Not surprisingly the Mutton Cove watermen did not appreciate their services being displaced by a steam boat.  First they blocked the steps of the Quay so that it could neither pick up nor drop any passengers.  Then one of the watermen took the Company to Court under the Boats and Wherries Act.  The Magistrate was a bit brighter than the waterman, though, and asked him if the boat was powered by oars or paddles.  As it was a screw vessel the answer was neither, at which point the Magistrate dismissed the case as such a vessel was not covered by the Boats and Wherries Act.

In the Western Morning News dated Thursday September 30th 1869 appeared a Public Notice confirming that 'The "Elfin" will leave Mutton Cove for Millbrook or Anderton on Wednesday at 9am, 10am, 10.30am, and 11.30am returning from Millbrook or Anderton at 9.45am, 10.45am, 11.15am and 12.15pm.  For the remainder of the day the vessel would ply between Mutton Cove and Cremyll 'at the discretion of the Captain'

On Friday October 22nd 1869 a correspondent, possibly Mr Vincent Bird, the Company secretary, wrote to the Western Morning News to explain the problems the Company were having and that they had decided not to formally comment in the hope that the bother would die down.  He explained that the Company did intend to run the service and not only to Cremyll and Millbrook but to Cawsand and Kingsand also.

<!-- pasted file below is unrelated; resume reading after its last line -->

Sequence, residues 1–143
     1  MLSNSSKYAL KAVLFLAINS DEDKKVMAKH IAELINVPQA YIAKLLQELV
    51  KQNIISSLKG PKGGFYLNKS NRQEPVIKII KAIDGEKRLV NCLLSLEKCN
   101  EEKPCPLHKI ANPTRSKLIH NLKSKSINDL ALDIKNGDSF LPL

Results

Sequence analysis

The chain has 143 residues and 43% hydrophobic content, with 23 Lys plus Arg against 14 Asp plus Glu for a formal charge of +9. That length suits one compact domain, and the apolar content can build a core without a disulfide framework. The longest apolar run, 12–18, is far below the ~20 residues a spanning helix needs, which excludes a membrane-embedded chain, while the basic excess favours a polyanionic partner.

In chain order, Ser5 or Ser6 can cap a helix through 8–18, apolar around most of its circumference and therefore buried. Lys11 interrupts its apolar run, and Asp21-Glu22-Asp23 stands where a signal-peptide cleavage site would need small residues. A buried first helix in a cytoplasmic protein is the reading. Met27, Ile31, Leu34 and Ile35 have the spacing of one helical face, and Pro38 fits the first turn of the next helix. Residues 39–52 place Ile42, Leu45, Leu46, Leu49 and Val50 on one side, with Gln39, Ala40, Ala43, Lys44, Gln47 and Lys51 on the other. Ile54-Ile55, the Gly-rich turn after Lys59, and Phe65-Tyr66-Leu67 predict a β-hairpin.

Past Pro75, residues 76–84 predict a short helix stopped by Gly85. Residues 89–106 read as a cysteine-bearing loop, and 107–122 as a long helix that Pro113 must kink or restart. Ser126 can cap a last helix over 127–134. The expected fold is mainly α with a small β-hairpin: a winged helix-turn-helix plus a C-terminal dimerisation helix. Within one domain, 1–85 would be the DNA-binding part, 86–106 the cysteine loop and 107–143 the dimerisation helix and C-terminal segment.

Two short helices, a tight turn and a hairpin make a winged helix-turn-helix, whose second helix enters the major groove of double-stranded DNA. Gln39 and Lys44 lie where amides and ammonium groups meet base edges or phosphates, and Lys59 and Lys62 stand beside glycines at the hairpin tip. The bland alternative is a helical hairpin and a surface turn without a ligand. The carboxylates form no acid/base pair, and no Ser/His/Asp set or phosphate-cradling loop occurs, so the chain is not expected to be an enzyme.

The Company made a huge loss over the winter period and in January 1870 issued a further 100 shares to raise capital.  Unfortunately there is no evidence that the boats did actually operate.  Then on Saturday June 4th 1870 came the Notice that Mr T Hainsellin, of 1 Saint Aubyn Street, Devonport, had been authorised to sell by auction the "Elfin" at Mr Hingston's Yard, Richmond Walk, at 3pm on Thursday June 9th 1870.  From this notice we gather that the screw steam boat was about 45 feet in length, displaced 17 tonnes, was licensed to carry 53 passengers, and had a canopy aft.  It transpired from the report of the auction that the boat was in fact built by Mr Ridley, at the Frank's Quarry shipbuilding yard, Mount Edgcumbe, and had engines supplied by the Plymouth Foundry Company.  It originally cost £300 but was sold at the auction for £145 to Mr George Cox of the Manor Office, East Stonehouse.  Interestingly, the auctioneer gave the reason for the failure of the ferry service as the vessel's 'non adaptation for passenger traffic, there not being sufficient protection from the smoke and dirt caused by the machinery'.  The auction report does refer to the "Elfin" as 'lately running between Mutton Cove, Devonport, Cremyll, and Millbrook' so it looks like she did provide a ferry service for a short while.  The sale was followed on Thursday June 16th 1870 by a Public Notice calling for those people with claims against the Company to contact Mr W C Walker.  Clearly the Devonport Steamboat Company was being legally wound-up.

CONTINUE TO Millbrook Ferry (Pedestrian), 1885-1970s), the service started by Mr John Parson (1852-1934).